Amy Oestreicher is a PTSD peer-to-peer specialist, artist, author, writer for The Huffington Post, speaker for TEDx and RAINN, health advocate, award-winning actress, and playwright. As a survivor and “thriver” of nearly 30 surgeries, a coma, sexual abuse, organ failure, and a decade of medical trauma, Amy has been challenged with moments of extreme difficulty. But, as an artist, actress, college student, and overall lover of life, Amy eagerly shares the lessons learned from trauma and has brought out the stories that unite us all through her writing, mixed media art, performance and inspirational speaking.
Recently Jason’s Connection’s founder, Jason Harris, spoke with Dennis Debbaudt of Autism: Risk and Safety Management. Dennis Debbaudt was first to address the interactions between law enforcement and people with autism in his 1994 report Avoiding Unfortunate Situations.
He has since authored a full length book, nearly 40 reports, book
chapters and produced innovative and acclaimed training videos for law
enforcement and first responders such as paramedics, fire rescue,
police, and hospital staff who may respond to an autism emergency.
Dennis has written for the FBI's Law Enforcement Bulletin, the
International Association of Chiefs of Police and is a cited resource
for the Department of Homeland Security. He has developed training and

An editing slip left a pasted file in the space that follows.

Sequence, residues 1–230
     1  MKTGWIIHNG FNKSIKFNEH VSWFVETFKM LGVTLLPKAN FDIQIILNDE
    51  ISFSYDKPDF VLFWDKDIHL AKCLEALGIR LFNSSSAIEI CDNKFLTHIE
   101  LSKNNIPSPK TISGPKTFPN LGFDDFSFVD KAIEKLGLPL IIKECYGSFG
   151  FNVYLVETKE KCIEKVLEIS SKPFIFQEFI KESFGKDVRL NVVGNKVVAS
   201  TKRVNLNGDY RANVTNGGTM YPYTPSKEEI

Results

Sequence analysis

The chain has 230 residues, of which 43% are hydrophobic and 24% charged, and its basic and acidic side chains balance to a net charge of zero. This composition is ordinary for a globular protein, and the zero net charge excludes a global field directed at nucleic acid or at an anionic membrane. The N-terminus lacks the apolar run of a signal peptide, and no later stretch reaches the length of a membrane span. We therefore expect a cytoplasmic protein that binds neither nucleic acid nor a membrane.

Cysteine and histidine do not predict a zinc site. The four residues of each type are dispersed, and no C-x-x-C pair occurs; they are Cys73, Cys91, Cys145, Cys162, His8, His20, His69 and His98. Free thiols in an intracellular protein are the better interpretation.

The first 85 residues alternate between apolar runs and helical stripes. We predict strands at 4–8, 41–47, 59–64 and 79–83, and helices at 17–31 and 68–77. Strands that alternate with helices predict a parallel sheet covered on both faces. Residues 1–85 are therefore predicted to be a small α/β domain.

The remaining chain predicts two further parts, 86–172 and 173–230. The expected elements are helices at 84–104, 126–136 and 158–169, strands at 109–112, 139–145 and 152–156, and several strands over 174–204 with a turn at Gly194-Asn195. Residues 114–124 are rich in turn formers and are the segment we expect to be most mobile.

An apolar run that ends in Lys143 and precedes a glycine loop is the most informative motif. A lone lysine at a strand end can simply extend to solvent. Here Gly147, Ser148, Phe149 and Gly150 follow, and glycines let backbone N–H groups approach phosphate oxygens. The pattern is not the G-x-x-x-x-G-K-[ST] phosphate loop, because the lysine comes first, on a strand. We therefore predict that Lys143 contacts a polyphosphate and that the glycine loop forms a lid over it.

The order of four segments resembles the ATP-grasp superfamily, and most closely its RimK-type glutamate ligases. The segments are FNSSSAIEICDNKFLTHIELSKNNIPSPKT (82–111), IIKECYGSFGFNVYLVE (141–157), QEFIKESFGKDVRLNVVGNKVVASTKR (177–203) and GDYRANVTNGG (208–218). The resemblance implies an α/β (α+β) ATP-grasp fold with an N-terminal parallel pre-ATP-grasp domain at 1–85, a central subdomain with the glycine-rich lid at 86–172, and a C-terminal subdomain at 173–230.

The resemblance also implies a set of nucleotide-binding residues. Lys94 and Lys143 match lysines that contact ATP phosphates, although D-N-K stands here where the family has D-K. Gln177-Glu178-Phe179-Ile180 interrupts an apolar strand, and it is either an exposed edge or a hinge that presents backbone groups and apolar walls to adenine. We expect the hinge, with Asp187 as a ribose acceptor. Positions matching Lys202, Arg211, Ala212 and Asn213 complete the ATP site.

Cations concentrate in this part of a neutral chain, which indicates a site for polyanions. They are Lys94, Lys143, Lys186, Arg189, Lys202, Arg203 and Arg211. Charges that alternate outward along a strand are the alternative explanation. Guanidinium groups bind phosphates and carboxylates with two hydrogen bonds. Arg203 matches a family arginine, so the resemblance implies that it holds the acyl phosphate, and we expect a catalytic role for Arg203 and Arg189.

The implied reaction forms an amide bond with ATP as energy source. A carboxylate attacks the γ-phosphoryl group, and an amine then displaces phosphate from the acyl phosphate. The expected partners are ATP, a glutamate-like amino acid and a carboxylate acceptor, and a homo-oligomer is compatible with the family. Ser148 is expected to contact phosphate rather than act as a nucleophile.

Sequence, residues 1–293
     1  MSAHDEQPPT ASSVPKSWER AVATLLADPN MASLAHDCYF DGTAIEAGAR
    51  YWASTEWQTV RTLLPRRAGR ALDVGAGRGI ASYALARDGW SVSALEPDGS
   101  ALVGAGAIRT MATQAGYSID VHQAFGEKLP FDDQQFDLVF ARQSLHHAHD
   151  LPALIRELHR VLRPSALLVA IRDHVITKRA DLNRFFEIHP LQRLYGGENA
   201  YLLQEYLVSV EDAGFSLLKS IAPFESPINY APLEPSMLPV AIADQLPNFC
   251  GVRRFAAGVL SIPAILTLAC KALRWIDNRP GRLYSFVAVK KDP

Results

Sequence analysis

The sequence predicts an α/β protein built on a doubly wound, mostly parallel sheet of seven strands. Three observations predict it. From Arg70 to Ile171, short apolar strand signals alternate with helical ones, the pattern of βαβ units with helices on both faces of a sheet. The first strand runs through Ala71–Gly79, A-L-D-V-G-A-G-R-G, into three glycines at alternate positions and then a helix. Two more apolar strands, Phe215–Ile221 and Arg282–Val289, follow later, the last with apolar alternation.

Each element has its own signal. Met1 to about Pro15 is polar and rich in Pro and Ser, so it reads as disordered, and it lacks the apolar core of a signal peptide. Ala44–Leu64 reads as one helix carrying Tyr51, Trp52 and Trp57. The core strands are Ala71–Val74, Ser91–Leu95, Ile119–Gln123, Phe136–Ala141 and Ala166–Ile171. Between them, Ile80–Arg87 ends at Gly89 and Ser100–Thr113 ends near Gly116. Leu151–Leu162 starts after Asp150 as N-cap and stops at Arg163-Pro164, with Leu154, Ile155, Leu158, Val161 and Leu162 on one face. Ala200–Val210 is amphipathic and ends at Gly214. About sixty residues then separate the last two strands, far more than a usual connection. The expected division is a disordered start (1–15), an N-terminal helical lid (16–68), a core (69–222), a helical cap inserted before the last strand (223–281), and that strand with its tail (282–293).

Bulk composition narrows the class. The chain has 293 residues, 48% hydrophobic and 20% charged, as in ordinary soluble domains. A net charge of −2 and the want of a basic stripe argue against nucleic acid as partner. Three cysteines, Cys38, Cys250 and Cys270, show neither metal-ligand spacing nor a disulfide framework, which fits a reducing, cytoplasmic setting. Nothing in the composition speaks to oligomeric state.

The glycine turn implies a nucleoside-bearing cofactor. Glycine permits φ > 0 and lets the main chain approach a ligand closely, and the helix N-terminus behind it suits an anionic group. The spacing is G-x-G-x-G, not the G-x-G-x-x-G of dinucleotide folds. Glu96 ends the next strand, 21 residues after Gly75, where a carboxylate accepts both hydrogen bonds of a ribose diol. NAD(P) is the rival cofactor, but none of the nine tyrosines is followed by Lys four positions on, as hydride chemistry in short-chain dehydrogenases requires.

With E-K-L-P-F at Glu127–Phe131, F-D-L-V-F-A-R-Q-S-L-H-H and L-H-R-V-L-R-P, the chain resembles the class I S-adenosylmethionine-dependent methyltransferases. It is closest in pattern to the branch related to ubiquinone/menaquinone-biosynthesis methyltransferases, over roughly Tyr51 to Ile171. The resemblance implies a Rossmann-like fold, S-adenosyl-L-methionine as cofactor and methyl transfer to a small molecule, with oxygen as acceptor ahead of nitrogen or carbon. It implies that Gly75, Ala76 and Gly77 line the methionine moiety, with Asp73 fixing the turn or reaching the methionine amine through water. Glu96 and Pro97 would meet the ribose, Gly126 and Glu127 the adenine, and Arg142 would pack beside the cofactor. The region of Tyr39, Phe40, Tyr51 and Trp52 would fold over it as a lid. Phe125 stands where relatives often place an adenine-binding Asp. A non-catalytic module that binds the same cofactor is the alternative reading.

consulted to the NYPD and Chicago Police Department. Since 1995, he has
presented his multi-media training at the invitation of the Illinois
Attorney General, the National Center for Missing & Exploited
Children's Team ADAM, Ontario Association of Chiefs of Police
conference, Fire Safety Educators of the Rockies Conference, Project
Lifesaver International, Houston, Cincinnati, Toledo and New Hampshire
training academies and in training rooms throughout North America and in
Australia, New Zealand, Iceland and the United Kingdom.
Recently Jason's Connection's founder, Jason Harris, spoke with Jay O’Brien, co-founder and executive director of Exceptional Lives, an organization whose mission is to connect families of children with disabilities to information and resources they need to navigate life.
In this interview, O'Brien talks about the founding of the organization, and its mission and purpose. Exceptional Lives helps families navigate complex processes and issues, like IEPs, SSI Disability, special education, guardianship, and more.